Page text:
Who Can Kill a Child? Review
The two directors who really got me seriously interested in films were Akira Kurosawa and Dario Argento. Up until then I'd watched films purely for their stories or blockbuster value, but those two directors opened up worlds of interest to me in terms of cultures and method. Particularly with Argento, I enjoyed the artistry of his film making with the shock value of his thriller and horror subjects. The cachet of being a banned film began to appeal to me and I have sought out such films which combine a touch of the forbidden with great craft. Narciso Ibanez Serrador was a director I came to through the obvious thematic influence of his film The House That Screamed on Argento's mesmerising Suspiria. The House That Screamed is an exceptionally well made film that doesn't quite match the brio and style of Suspiria but is clearly just as strong on supernatural horror and cinematic competence, because of this I was looking forward to catching this Dark Sky release of Who Can Kill a Child. The joy of discovering another forbidden gem awaited me but I have to say that I was disappointed after actually seeing the main feature. There are a number of reasons for this but the strongest one is the old fashioned "willing suspension of disbelief". I was simply not able to silence my doubts about the artificiality of the story to enjoy what is clearly intended to be a thoughtful rather than a simple horror movie.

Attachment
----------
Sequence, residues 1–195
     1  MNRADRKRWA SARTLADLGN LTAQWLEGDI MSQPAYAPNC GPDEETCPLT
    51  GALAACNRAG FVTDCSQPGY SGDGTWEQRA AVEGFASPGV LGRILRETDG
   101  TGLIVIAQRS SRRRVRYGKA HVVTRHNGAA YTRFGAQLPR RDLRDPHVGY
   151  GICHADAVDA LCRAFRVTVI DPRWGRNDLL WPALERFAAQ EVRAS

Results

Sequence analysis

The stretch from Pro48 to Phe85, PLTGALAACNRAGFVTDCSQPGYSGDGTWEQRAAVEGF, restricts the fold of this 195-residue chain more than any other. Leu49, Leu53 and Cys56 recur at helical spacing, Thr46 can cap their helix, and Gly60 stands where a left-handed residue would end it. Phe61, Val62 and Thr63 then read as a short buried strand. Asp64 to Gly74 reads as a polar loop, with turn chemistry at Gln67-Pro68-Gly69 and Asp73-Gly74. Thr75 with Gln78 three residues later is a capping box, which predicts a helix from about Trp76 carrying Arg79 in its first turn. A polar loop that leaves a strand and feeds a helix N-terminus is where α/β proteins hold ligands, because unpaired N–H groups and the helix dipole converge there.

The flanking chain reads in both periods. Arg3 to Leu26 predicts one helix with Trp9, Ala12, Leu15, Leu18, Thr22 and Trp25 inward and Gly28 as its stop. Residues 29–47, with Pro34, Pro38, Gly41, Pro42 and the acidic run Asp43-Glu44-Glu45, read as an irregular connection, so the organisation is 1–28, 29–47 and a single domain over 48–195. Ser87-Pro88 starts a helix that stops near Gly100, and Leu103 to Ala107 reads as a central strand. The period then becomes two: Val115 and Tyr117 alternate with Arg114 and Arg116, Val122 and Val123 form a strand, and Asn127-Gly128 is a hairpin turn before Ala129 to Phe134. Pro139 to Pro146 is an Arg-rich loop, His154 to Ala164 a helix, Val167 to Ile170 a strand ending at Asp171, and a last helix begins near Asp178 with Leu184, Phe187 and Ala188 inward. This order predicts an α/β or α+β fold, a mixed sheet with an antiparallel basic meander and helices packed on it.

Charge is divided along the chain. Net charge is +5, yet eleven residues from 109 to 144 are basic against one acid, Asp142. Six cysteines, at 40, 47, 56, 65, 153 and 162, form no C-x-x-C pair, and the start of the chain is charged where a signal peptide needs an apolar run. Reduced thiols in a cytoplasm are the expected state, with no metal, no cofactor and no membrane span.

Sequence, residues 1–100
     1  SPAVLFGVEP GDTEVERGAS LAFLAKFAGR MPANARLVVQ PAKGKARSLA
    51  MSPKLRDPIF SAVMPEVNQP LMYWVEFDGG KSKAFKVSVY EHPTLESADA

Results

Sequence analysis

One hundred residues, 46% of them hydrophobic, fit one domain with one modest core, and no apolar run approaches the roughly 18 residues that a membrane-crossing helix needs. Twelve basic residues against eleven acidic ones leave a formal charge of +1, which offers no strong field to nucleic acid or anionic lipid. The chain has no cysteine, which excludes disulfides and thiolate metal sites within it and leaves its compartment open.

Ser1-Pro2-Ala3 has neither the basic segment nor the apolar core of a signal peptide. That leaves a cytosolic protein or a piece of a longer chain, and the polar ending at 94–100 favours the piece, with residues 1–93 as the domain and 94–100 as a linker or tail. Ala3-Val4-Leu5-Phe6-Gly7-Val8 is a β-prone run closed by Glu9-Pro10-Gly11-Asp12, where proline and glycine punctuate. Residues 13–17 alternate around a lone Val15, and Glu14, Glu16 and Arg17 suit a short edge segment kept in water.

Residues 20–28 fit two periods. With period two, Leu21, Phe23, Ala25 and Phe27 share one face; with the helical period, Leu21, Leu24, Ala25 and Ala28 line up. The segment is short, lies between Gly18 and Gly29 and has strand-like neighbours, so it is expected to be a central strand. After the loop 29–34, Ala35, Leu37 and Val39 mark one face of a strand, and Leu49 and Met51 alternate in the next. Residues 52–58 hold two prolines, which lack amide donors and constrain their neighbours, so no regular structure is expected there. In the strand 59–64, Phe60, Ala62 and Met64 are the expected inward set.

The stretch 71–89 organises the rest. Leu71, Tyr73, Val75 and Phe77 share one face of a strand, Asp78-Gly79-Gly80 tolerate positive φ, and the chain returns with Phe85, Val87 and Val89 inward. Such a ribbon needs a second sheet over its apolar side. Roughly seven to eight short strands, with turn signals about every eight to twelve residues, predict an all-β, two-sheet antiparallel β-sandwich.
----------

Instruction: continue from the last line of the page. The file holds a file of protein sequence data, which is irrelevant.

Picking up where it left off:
I will admit that I am not particularly fond of children and consequently I don't find the central dilemma of this film very compelling. I would like to be clear that it isn't that I have no problem with killing children, it's more that murderous children would not prove much of an obstacle if they were in the way of my survival. When the holidaying English couple are faced with mowing down homicidal schoolchildren or being murdered by the same bloodthirsty young 'uns, I find myself screaming at the screen when the couple behave in rampantly unbelievable terms because it suits the plot of the film. I am confident that many better rounded adults than myself feel the same way, I mean haven't you ever seen parents watching children's soccer games screaming abuse and threats to their offspring to attack and humiliate someone else's sprogs. But back to the film, according to my knowledge of the human race if your pregnant wife is at risk of being attacked with a scythe, the desire to protect the unborn one is so strong that any perfidy is possible as you defend yourselves but in this movie you develop scruples and hasten your loved ones death by hesitating or being principled. I am sorry I just didn't buy that. It is the brain numbing stupidity of the two central characters' behaviour that lost my sympathy. When they arrive on this misbegotten island they look everywhere for adults and find none and then they finally see an old man who is rather comically beaten with his walking stick by an adolescent cutie. Firstly, the couple just stand there whilst the old geezer has his last breath beaten out of him and then the husband pretends to his wife that said codger is still alive and fails to tell her that the local children are currently using him as a toy for a new kind of pinatta involving a sickle and his head rather than a make-believe donkey and candies. They finally come across other adults who prove themselves similarly demented - one wanders off to be taken to his own slaughter and another is stuck at the local telephone switchboard cursing her lack of any conversational Spanish (do you really go on holiday to remote Islands and know no local lingo?). In the conclusion to the film, one of the adults finds the intestinal fortitude to massacre the little angels but even when they have finally discovered that violence is necessary, the adults act in cretinous ways which defy belief - such as dropping a machine gun to the ground when it is still a clearly useful element of their escape. As I saw it, the adults in Who Can Kill a Child are asking to be put out of their stupid misery and I found it hard to mourn them as they succumbed to their various ailments of idiocy.